Omar Samra, the Humans of New York story that stole our hearts

By Words and Photography, Humans of New York, story edited by Efrosini Costa

Omar Samra, the Humans of New York story that stole our hearts
This is the story of Omar Samra an Egyptian mountain climber whose greatest struggle has nothing to do with mountains.

Here at MiNDFOOD we are inundated with stories of love, loss, grief, illness, joy and heartbreak. Every story, every voice has a right to be heard and they all touch us in one way or another. But there are some that stand out amongst the others, the ones that touch us deeply in a way that haunts us and compel us to bring them to our readers attention.

We have long been admirers of Brandon Stanton’s wonderful project Humans of New York, he even inspired us to create our own #HumansofMiNDFOOD, but his latest series of five photographs with a man named Omar Samra left us speechless.

The Egyptian has made news headlines all over the world for climbing the tallest mountain on every continent, in fact this month he completes a 20 year journey to the North Pole. But when Brandon Stanton met him at a conference where he was speaking about his expeditions and asked him casually about his greatest struggle, as he says, “the story he told had nothing to do with climbing mountains.”


“She was young and healthy and we were very relaxed about the birth. We were even discussing having a natural birth at home. Then one evening, shortly before she was due, we were eating at a restaurant and we got a call from the doctor. He told us, ‘Marwa’s platelet count is very low. You need to pack a change of clothes and come to the hospital immediately.’ We went to the hospital right away, and they put her in the bed and hooked her up to all these machines. Nobody seemed worried. Even the doctors didn’t seem worried. But then Marwa said to me: ‘If something happens to me, take care of our daughter.’ And I burst into tears. ‘Don’t say that!’ I told her. ‘Why would you say that?’”


“The birth went fine. Teela was born early so they took her and put her behind glass under a blue light. For the next couple days, I went back and forth between Marwa’s room and the room where Teela was under the blue light. Eventually Marwa got better to the point where she could sit in a wheelchair, so I pushed her down the hall so she could meet our daughter. We all took a picture together. Later that afternoon we were preparing Marwa for a CT scan, and her sister was helping to take out her hair extensions. Suddenly Marwa sat up really fast, and she looked so scared, like she’d seen a ghost. She fell toward me and I took her in my arms and she started having a seizure. The doctors pulled me away and I started fighting with them, but they wheeled Marwa away to the ICU. They told me it would be fine, and I could go home, but I slept in the waiting room, and that night the doctor called my cellphone and said ‘Come now.’ When I got to the ICU, they told me, ‘We lost her for a bit, and if she comes back now, we don’t know how much of her will come back.” It didn’t feel real. It was like the movies. I was standing right over her and her heart rate monitor would go flat, and these two huge men would start hammering her in the chest, and she was so tiny, and her heart would beat for a couple more minutes and then it would go flat again. And then I heard the doctor say ‘Let’s give it one last try.’ And then I heard the doctor say ‘Time of death.’ And then he turned to me and said, ‘We’ll leave you here. Take all the time you need.’ And when they left me alone, I was like a madman. I didn’t know what to do. I started taking photos of her hands, and her feet, and I cut off bits of her hair. And when I walked out of the room I felt so empty. Like I was nothing.”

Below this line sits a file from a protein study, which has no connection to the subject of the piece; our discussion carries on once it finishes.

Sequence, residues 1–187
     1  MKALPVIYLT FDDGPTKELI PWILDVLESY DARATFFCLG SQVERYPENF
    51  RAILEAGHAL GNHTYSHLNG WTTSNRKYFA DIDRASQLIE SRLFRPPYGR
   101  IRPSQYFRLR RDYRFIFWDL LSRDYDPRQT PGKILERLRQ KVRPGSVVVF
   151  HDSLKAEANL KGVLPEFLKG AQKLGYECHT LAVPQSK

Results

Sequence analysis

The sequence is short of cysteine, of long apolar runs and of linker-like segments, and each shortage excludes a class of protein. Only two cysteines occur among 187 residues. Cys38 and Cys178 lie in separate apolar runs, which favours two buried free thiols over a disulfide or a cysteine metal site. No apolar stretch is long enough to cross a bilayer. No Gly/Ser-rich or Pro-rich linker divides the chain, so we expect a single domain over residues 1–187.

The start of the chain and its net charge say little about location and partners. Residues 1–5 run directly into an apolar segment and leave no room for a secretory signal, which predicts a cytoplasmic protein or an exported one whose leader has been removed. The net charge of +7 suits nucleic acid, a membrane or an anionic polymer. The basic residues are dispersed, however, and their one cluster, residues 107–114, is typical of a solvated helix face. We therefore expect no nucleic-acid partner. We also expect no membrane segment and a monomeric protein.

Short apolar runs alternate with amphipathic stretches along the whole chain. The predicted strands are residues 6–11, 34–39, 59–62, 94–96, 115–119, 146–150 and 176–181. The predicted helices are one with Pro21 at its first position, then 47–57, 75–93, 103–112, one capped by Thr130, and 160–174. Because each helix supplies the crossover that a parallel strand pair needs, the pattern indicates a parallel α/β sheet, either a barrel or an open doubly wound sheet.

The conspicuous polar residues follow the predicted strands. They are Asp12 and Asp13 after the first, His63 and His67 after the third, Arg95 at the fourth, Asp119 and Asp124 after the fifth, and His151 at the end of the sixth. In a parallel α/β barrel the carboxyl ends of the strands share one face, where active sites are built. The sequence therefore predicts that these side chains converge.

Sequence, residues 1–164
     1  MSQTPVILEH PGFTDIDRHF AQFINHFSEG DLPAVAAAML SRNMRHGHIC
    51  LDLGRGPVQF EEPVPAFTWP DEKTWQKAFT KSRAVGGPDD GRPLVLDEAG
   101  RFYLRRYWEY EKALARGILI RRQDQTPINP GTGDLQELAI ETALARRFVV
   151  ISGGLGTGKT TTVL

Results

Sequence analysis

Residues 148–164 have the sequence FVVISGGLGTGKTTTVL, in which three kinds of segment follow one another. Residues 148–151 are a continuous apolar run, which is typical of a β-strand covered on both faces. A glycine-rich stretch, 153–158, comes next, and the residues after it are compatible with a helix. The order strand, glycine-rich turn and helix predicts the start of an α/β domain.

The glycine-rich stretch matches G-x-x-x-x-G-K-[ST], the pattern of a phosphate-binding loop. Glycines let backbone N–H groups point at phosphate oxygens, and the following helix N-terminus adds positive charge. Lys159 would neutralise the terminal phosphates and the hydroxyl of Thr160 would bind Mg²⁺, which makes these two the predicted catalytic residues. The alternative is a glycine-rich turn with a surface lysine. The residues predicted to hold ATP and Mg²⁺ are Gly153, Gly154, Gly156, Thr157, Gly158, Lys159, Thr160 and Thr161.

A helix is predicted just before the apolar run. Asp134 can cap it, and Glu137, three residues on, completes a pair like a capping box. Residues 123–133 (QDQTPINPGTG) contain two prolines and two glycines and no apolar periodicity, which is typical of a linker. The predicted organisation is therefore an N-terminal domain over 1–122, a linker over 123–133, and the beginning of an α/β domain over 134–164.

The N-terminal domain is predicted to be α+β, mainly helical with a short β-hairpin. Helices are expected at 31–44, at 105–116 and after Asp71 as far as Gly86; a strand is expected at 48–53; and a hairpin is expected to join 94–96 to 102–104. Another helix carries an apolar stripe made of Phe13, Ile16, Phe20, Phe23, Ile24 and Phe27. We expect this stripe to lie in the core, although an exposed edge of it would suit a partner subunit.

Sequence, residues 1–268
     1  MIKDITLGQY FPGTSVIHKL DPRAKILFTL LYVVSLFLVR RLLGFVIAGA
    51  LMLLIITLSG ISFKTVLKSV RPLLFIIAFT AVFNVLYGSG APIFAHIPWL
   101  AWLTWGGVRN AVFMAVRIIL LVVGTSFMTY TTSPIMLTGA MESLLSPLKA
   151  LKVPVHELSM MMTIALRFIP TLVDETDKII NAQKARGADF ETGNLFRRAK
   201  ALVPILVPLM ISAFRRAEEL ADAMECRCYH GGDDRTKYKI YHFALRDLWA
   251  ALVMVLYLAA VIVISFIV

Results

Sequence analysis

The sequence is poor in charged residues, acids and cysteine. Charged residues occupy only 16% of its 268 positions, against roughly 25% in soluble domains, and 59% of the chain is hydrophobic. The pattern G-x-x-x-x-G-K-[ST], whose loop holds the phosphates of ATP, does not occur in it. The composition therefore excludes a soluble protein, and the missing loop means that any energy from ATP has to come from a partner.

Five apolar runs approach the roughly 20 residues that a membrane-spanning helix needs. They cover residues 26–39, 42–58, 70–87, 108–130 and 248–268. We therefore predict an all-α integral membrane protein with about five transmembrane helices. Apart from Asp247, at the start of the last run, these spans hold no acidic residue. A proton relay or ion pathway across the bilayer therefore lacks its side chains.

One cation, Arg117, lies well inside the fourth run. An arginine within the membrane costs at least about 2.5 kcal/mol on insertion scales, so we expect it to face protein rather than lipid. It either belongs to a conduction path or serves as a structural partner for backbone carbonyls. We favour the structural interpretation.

“I still wear my ring. I never thought I’d get married. Before I met her, I’d always been about non-attachment and freedom. We only had a short time together, but during that time, all I thought about was how to make her smile. I felt like I belonged. It was a ‘finally home’ sort of feeling—that sort of thing. I proposed in Amsterdam. I arrived before her, and spent all day looking at parks, and I found the perfect spot right before dark. So the next day we got on a tandem bike, and I’d mapped out a route all through the city, and it ended at that spot. And right before I proposed, we saw a boat moored in a nearby pond, and on the back was painted: ‘Another Perfect Day.’ So we engraved those words on our rings.”


“My daughter helped me realize how harmful it can be to focus on outcomes. In Egypt, if something happens to the mother, custody of the child goes to the mother’s family, and not to the father. I used to be so obsessed with getting custody that I would become physically sick. I was losing my mind. It consumed me so much that I couldn’t even enjoy the time we did have together. I was never present. My mindset wasn’t helping me, my daughter, or the situation.”


“I’ve become much less goal oriented as I’ve grown older. I spent twelve years dreaming about climbing Mt. Everest. It was all I thought about. During my years of training, I focused all my thoughts on getting to the summit. My self worth, and the meaning of those years, all depended on that one moment of getting to the top. It’s not healthy to be that goal oriented. And Everest is a perfect example why. The weather can change at any moment, and even though you did everything right, and trained the correct amount, you can still fall short. And if you’re thinking of nothing but the final goal—all those years, all that effort, and all the personal growth that you achieved, becomes worthless if you don’t reach the top.”


Omar shared this photo with his supporters recently, he is pictured with his daughter in Dubai.


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